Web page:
"Leaf miner" is a catchall term for fly, moth and beetle larvae that feed inside of plant leaves, leaving winding tunnels or large blotches in their wake. Although you'll likely never see the tiny adult insects, the females insert their eggs inside of plant leaves in the spring, and the hatched larvae grow and feed within the leaf tissue. Leaf miner feeding activity creates "mines" of dead, dry plant tissue. The result is primarily a cosmetic issue on ornamental plants, but leaf miners can destroy crops you grow for edible greens. Various chemical and nonchemical control methods can help you get rid of leaf miners.
Nonchemical Control Methods
Leaf miners feed on a wide range of plants, including various weeds. Keep your lawn and garden weed free to reduce the number of potential food sources for them. Covering the ground around plants with black plastic mulch keeps the larvae from burrowing beneath the soil. Placing lightweight, floating rowcovers helps keep egg-laying females from reaching your plants. However, don't drape rowcovers in areas where you experienced leaf miner populations the previous year. If you do, then the overwintering leaf miner pupae can become adults beneath the rowcovers, and you'll just trap them in there with a plentiful food source.
When you spot mines developing on ornamental plant leaves, simply press the affected area between your fingers to eliminate the pest. If the leaf miners infest garden plants with edible leaves, such as any cole crops, pick off the affected foliage and toss it into a covered trash bin. Don't just drop the foliage on the ground or the larvae will likely return to feed on your plants.
Using spinosad to treat the adult insects is a low-impact option for reducing leaf miner populations. Spinosad is made from a microorganism that naturally occurs in soils. Some spinosad products come in easy-to-use, ready-to-spray formulations. Simply shake the bottle, connect the sprayer to your garden hose and turn on the water. Apply uniform coverage over the entire treatment area, taking care to completely cover the foliage, including the tops and undersides of leaves. Repeat treatment every four to seven days until the pests disappear, but don't use spinosad more than 10 times a year.
Spinosad-based products won't affect most beneficial insects, but are highly toxic to bees for up to three hours following application. Reduce the risk of harming the pollinators by spraying in the late evening or early morning hours when the bees aren't active. Avoid spraying blooming and nectar-producing plants.
Permethrin is a broad-spectrum insecticide that has long-lasting effects, but the chemicals will kill off the beneficial insects along with the leaf miner pests. In order to be effective, you must time your first permethrin spray with egg laying, typically just after the leaves start expanding in the spring. Carefully follow the instructions on the manufacturer's label. One product recommends mixing 2 fluid ounces of product with every 4 gallons of water when spraying fruits and vegetables, but just 1 fluid ounce for every 4 gallons of water when treating ornamental trees and shrubs. Use a small garden sprayer to cover the foliage to the point of runoff, making sure you cover the undersides of leaves. Repeat treatment every four to eight days until you achieve control.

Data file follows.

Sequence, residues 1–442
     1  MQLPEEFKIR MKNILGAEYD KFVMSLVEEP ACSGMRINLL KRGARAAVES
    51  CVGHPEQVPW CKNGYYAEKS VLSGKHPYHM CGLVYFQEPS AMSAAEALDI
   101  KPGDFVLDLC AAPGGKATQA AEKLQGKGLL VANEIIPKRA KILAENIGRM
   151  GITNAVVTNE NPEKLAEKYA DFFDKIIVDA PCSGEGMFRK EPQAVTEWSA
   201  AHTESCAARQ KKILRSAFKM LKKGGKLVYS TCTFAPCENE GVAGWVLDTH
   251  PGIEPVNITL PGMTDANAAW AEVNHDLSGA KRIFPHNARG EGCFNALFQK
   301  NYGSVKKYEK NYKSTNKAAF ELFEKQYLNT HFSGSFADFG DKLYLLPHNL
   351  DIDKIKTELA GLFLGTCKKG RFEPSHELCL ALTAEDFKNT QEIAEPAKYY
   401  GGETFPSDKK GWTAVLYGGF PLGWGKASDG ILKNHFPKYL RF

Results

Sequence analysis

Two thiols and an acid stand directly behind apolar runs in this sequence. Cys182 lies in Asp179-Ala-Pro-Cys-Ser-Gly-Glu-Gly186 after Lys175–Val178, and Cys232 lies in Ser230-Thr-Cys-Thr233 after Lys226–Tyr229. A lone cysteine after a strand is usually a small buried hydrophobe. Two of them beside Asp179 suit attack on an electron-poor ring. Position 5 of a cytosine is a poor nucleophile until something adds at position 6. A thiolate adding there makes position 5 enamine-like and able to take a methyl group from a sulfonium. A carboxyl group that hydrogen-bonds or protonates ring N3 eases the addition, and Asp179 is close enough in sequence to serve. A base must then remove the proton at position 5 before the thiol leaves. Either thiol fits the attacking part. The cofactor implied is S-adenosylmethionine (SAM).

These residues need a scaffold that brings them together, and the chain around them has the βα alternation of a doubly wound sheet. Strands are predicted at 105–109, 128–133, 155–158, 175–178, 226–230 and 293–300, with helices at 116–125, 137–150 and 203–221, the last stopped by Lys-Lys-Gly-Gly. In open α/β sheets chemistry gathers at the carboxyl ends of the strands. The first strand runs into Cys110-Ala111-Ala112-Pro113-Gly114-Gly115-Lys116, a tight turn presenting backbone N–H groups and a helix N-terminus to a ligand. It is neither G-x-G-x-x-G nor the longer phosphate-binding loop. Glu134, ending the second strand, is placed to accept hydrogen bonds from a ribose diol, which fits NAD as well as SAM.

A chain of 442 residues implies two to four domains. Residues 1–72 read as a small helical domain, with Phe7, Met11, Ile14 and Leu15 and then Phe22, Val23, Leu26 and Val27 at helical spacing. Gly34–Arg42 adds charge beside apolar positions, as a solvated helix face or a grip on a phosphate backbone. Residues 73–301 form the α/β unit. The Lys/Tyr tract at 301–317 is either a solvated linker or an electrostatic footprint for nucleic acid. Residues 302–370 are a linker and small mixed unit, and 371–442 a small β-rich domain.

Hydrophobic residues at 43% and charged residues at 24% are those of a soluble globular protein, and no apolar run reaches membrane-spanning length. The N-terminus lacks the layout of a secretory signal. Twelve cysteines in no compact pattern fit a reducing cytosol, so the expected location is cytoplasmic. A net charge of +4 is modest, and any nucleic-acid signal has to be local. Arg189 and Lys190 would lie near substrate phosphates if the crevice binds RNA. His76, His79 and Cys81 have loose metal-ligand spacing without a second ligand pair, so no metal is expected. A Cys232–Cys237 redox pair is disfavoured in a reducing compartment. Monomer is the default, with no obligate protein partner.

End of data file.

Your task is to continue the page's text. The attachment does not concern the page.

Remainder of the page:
Avoid spraying open flowers with permethrin or the petals might turn brown. Leaf burning sometimes occurs on sensitive ornamentals. If worried, test the spray on a small, inconspicuous section of foliage and wait a few days to check for injury. If no damage occurs, spray the entire plant.
A Few Considerations
Spraying plants with pesticides can stop the adult females from laying eggs, but they won't do anything to the larvae already hiding inside of the mines. If you spot numerous long or big mines on your leaves, then the leaf miners have likely already finished developing and there's no point in spraying. Use nonchemical control methods instead.
Even the most natural insecticide can cause irritation on contact. Reduce your risk of exposure by putting on waterproof gloves, a face mask, goggles, long sleeves, long pants and shoes with socks when mixing or spraying an insecticide product. Carefully note the number of days you must wait from your last insecticide treatment until you can harvest crops safety. Called the pre-harvest interval, this time can range from zero to 14 days when using spinosad or permethrin products on garden plants.
- Colorado State University Extension: Leafmining Insects
- University of Minnesota Extension: Leafminers in Home Vegetable Gardens
- University of Maryland Extension: Leafminers -- Flowers
- UC Statewide IPM Online: Leafminers
- Sunset: Leaf Miners
- University of Florida IFAS Extension: Leafminers on Ornamental Plants
- University of Wisconsin Cooperative Extension: Leafminers (Vegetables)
- Missouri Botanical Garden: Pesticides: Spinosad
Growing up in a family full of landscapers and carpenters, Amber Kelsey learned all about home and garden topics through osmosis. Her articles in The Green Girl's Guide and Altar demonstrate her eco-friendly nature, and she uses organic practices in her various gardens. Kelsey holds master's degrees in English writing and cultural anthropology.